In several prior posts, we have discussed the ongoing battle against “reverse false claims” involving Medicare and Medicaid patients. In general, a reverse false claim occurs when a healthcare provider or government contractor receives overpayment for an invoice and knowingly fails to issue a refund or reimbursement to the government. In general, if a private government service provider receives overpayment, it has 60 days to send the money back – or serious consequences could result.
In today’s case, pharmacy benefit management company Caremark Corp. – which is operated by pharmacy giant CVS – has agreed to pay $6 million to settle False Claims Act allegations it failed to return payments from Medicaid and Medicare that should have been covered by a private insurer. The company has not admitted liability in the matter, however.
Details of case against Caremark, Corp.
Caremark is operated by CVS Caremark Corporation, owner of one of the largest retail pharmacy chains in the United States. So large, in fact, it administers its own private health plans to eligible enrollees. In certain scenarios, an enrollee in a Caremark plan was also eligible for Medicaid coverage, and the plans happened to cover identical services. Under government regulations, when this occurs, the private insurer is required to pick up the tab as opposed to Medicare or Medicaid. If a company fails to cover the employee or submits claims to Medicaid notwithstanding the concurrent private coverage, this could trigger False Claims Act liability.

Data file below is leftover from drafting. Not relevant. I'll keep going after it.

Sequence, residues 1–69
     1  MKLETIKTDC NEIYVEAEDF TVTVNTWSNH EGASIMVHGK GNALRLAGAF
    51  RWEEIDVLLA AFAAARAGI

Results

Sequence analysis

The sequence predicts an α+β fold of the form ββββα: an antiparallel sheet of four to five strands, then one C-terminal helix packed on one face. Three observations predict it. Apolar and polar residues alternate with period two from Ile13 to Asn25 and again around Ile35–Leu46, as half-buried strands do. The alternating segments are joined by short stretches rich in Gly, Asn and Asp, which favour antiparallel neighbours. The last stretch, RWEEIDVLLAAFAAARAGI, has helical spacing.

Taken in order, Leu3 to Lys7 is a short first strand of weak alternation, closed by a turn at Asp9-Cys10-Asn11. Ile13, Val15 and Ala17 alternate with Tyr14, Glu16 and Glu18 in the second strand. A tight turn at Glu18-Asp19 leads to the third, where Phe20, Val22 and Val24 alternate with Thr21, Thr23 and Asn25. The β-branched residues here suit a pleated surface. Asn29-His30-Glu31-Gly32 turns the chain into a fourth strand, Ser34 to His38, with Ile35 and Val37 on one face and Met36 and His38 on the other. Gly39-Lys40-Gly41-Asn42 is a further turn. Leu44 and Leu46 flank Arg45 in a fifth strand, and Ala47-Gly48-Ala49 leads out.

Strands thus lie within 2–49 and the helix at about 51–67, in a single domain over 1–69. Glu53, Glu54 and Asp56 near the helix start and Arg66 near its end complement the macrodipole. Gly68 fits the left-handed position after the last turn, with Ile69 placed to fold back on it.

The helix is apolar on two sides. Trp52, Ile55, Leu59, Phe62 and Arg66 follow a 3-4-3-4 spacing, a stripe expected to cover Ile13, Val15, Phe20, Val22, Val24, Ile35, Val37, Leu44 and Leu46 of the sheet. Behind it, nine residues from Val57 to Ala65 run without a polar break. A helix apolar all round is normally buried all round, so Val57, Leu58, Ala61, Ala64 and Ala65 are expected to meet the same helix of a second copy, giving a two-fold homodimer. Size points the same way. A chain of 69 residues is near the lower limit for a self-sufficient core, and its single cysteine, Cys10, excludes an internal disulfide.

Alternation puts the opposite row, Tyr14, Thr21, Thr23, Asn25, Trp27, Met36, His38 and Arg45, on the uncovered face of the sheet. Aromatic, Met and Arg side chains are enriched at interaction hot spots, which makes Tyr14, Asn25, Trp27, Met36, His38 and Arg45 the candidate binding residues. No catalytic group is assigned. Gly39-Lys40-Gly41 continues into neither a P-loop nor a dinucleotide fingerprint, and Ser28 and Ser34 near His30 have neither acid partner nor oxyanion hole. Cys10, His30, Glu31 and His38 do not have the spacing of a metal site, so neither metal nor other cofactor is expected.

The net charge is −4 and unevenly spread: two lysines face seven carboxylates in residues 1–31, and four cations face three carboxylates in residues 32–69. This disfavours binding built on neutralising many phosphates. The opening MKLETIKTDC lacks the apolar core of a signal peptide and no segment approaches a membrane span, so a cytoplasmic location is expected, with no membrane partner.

In the case against Caremark, the relator alleged this exact scenario – and is set to recover $1.02 million for coming forward with allegations of unlawful billing procedures. More specifically, the relator alleged that Caremark knowingly failed to reimburse Medicaid for millions of dollars in payments on behalf of patients who were already covered for drug benefits under its private insurance policies. According to reports, Caremark’s computer program RxCLAIM failed to pay the full amount owed for prescription drug coverage, prompting the submission of an invoice for the difference to the Medicaid program. Allegedly, RxCLAIM deducted co-payments and deductible amounts when calculating the proper payment, thereby requiring Medicaid to make payments on behalf of privately insured individuals.
Healthcare fraud has been at the top of the government’s watch list for several years, and state and federal authorities have worked closely to combat this type of wasteful misspending. A statement by the Department of Justice’s Civil Division read, “It is vitally important that cash-strapped Medicaid programs receive reimbursement for the costs they incur that should properly have been paid for by other insurers….We are committed to protecting the integrity of state Medicaid programs.”
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